On motion of plaintiffs, the cross-complaint was stricken out. The case was then tried, and judgment given for plaintiffs, from which, and from an order denying him a new trial, defendant appealed.

         1. It is claimed for appellant that the court erred in not sustaining his demurrer, but we think the ruling proper.

         The averment relating to the appointment of Miller as special administrator is as follows: "That by an order of the superior court in and for the city and county of San Francisco, state of California (Department Nine), John H. Miller, one of the plaintiffs herein, was duly appointed and constituted special administrator of the estate of Thomas T. Bouldin, deceased, on the fifteenth day of June, 1887, and by such order he was especially authorized and empowered to institute and defend all proceedings, actions at law, and suits in equity as shall be necessary and proper to recover possession of any of said estate claimed or held adversely by others; that on the fifteenth day of June, 1887, he took the oath and filed the bond required by law as special administrator of said estate, and his said letters to him issued as aforesaid are in full force and effect, and have not been revoked."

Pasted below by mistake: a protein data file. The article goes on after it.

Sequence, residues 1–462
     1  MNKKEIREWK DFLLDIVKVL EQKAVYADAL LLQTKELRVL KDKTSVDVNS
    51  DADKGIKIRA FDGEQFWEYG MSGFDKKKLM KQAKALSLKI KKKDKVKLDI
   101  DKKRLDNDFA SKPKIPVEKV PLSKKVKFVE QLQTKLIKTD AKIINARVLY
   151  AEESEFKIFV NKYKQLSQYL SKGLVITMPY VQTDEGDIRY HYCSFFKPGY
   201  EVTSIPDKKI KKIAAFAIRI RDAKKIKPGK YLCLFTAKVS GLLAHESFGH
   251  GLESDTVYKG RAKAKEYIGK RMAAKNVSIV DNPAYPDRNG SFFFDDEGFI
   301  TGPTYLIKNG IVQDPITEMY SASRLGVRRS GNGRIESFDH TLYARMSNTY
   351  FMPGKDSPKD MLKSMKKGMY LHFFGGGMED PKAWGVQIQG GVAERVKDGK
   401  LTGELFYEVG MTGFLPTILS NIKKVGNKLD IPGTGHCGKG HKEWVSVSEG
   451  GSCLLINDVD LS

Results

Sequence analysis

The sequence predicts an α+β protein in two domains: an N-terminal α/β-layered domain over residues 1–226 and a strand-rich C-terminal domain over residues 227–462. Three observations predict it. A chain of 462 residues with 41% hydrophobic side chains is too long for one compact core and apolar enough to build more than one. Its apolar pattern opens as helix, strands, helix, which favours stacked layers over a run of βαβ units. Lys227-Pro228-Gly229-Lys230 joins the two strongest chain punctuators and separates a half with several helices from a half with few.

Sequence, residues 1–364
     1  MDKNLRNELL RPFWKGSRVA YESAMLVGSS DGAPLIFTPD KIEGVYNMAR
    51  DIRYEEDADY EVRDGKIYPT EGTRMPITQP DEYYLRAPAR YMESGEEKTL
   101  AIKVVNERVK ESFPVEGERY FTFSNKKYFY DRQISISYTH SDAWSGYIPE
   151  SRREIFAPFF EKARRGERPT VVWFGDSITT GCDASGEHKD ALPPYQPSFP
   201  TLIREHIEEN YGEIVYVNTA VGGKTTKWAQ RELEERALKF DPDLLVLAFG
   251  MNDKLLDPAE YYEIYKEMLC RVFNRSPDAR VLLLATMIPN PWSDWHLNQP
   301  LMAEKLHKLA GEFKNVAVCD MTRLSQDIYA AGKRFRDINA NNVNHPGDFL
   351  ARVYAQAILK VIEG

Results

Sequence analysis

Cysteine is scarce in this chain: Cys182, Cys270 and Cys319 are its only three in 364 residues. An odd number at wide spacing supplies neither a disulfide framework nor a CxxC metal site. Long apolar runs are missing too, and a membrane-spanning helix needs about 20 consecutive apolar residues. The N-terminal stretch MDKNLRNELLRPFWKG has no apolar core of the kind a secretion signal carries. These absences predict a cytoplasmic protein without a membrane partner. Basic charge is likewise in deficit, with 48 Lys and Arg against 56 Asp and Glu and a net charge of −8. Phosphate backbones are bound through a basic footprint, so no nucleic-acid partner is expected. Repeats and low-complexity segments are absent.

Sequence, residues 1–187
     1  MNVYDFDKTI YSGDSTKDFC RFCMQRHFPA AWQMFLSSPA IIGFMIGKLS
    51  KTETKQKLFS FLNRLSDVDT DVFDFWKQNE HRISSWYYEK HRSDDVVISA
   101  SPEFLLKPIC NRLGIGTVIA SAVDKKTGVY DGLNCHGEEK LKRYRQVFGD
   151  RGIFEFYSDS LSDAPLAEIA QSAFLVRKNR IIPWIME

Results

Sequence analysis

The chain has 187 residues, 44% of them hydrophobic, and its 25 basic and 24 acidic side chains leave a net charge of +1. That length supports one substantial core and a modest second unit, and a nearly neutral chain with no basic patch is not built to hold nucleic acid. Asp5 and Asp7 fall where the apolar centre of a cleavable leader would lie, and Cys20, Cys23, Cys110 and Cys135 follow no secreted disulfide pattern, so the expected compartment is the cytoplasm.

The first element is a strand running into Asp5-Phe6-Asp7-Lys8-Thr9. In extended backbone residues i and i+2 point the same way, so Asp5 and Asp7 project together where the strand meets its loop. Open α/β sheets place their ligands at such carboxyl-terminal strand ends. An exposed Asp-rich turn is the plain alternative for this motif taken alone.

It certainly does not appear from this averment, or on the face of the complaint, that Miller had not the legal capacity to sue. The most that can be said is, that it does not sufficiently appear that he had such capacity. But "it is not good ground for demurrer that it does not appear in the complaint that the plaintiff has the legal capacity to sue. That omission can only be taken advantage of by answer." (District No. 110 v. Feck , 60 Cal. 405.)

         The objection that there was a misjoinder of parties plaintiff is met by section 1452 of the Code of Civil Procedure, which expressly provides that "the heirs or devisees may themselves, or jointly with the executor or administrator, maintain an action for the possession of the real estate, or for the purpose of quieting title to the same," etc.